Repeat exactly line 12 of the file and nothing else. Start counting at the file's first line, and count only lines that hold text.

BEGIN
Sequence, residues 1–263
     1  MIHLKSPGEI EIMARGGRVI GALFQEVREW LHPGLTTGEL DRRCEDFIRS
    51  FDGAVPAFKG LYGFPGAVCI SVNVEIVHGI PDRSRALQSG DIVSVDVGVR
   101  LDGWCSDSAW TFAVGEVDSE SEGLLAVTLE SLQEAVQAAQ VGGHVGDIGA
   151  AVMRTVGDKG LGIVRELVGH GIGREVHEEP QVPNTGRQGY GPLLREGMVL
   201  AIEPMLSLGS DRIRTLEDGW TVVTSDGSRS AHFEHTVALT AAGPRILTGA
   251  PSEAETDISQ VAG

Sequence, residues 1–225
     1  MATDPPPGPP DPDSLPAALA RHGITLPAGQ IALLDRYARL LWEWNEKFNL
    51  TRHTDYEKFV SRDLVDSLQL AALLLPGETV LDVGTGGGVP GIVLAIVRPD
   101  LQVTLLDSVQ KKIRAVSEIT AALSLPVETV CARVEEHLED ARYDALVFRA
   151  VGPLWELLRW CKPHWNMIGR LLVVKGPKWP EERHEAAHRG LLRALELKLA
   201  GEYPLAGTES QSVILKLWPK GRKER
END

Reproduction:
   151  VGPLWELLRW CKPHWNMIGR LLVVKGPKWP EERHEAAHRG LLRALELKLA